Wednesday, November 7, 2012

Little Holidays: Martinmas

I'm so glad Elizabeth posted about Martinmas a few days ago.  This little holiday has been on my radar, but would have slipped right by. 

Henry is going to be a little too little to really partake in many of these ideas this year, but I have some ideas.



What is Martinmas?
  • It is the feast day of St. Martin of Tours - There's a lot of info about this holiday so I'm just going to redirect you to Wikipedia for now.
Martinmas Activities:

Whether you're celebrating it as a religious holiday or as part of a more secular observation - Waldorf Schools are a big fan of Martinmas - the big focus seems to be on lanterns.
  • Make a lantern
  • Go on a "lantern" walk
One of the stories about St. Martin revolves around his dividing his clock in two to share with a beggar to save the person from freezing to death.  He later had a vision of Jesus wearing his halved cloak
  • Take this time to go through your closets and see what you can divide for those in need.
  • Take items - clothing, food, and other donations to your local crisis center, food bank or winter clothing drive.
  • If you're crafty (or just want an official day) choose Martinmas as a date to handout your knitted goods like hats, scarves and mittens just in time for the winter!
  • Many Martinmas treats revolve around the horseshoe as St. Martin is often pictured riding a horse.  It's also rumored that if it snows on St. Martins it will snow on Christmas - referred to as St. Martin riding a white horse.  If there was no snow on St. Martins, then there would be no snow on Christmas and St. Martin would be said to being riding on a black horse.
Martinmas also marks the beginning of winter for many and the end of the harvest, typically with the slaughter of an animal - like a pig or cow.  Martinmas used to be the last day to feast before the penitential fasting took place leading to Advent.
  • Go through your own supplies and provisions and make sure you are prepared for the winter weather.
  • Enjoy a large, rich meal complete with a main item like a roast (goose is also traditional for Martinmas) - but don't forget to keep charity in mind; perhaps invite friends or family over to share your meal or include similar items in a donation to a food bank.
St. Martin was a soldier and is considered the patron of soldiers.  November 11th is also when Armistice/Veteran's/Remembrance Day occurs
  • Participate in local observances for your veterans
  • Consider doing a work of charity that supports your military/veterans or their families, particularly with the holiday season approaching.
We hope to celebrate Martinmas simply this year.  I have an idea of a toddler friendly lantern project that we might attempt, but we'll wait to do a lantern walk for another couple of years.  Hopefully by that time we can find other families to participate!  I think Henry and I will go buy some hats and gloves to donate to the crisis center and perhaps hit up the thrift stores for some quality outerwear (that fits our budget) to add to that donation.

I really like the idea of using Martinmas as my day to present the family with their handknits (or at least new winterwear) for the year instead of waiting or "regifting" at Christmas.  This is definitely going to happen next year.

No matter which direction you come at it Novemeber 11th seems like a good day to prepare for winter, reflect on the brave men and women around you and take the opportunity to bring a little light into your world and the world of others.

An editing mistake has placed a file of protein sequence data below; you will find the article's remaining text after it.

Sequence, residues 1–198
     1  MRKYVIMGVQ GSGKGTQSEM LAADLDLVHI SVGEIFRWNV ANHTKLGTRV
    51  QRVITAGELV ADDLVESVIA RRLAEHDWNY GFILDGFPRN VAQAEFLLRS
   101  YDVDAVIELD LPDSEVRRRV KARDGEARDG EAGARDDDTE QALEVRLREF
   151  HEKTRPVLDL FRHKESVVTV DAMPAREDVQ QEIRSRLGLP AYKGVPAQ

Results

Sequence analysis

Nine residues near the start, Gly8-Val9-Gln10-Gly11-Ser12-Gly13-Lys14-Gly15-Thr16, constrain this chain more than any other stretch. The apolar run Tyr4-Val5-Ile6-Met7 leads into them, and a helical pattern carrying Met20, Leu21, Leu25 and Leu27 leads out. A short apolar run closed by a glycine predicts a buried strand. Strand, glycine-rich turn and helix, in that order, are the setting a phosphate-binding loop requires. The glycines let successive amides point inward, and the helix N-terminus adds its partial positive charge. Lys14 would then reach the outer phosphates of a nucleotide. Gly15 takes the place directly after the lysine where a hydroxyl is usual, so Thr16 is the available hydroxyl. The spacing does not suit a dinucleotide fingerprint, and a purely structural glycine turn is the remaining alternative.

I'd love to hear about your Martinmas or Veterans Day traditions!  Does November 11th hold any special meaning to you?

7 comments:

  1. what a lovely post. i didn't know much about martinmas. i think we will do something this year.

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  2. It is one of our favorite days. We love to donate warm clothing at this time. I just posted another post about it a few minutes ago with a lantern tutorial and I'm sure I will be posting more after our school's Martinmas Pageant and our lantern walk. :)

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  3. Oh man! I forget about it every year. I blame the military and all the moving and the inability for me to stick to yearly traditions. I hope to really be better at this when we aren't moving every couple of years. In Switzerland, when I was little, we carved little lamps from turnips, hung them on a stick and put a tea light inside and took a walk with the other children and parents and sang little songs. I loved it.

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  4. Grandma and grandpa would love to celebrate this with you too! :)

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  5. Thanks for sharing this--sounds like a great feast to celebrate with loads of good traditions to start!

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  6. I have never celebrated this day, but Jimmy's middle name is Martin and it is his Grandpa's name. I really need to get on board with celebrating "Name Days" (as Zach's grandma would call it... she made a cake for every birthday and name day for all her 13 kids). I have also wanted to start a tradition of taking jackets to homeless people in downtown Phoenix. I don't know if I am ready to do that with my kids for safety reasons, but I love the idea of doing at a certain day and remembering a saint we are trying to emulate. Thanks for motivating me. If not this year, then soon.

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  7. I love reading about Saint day traditions! Hopefully one year we can do them all!

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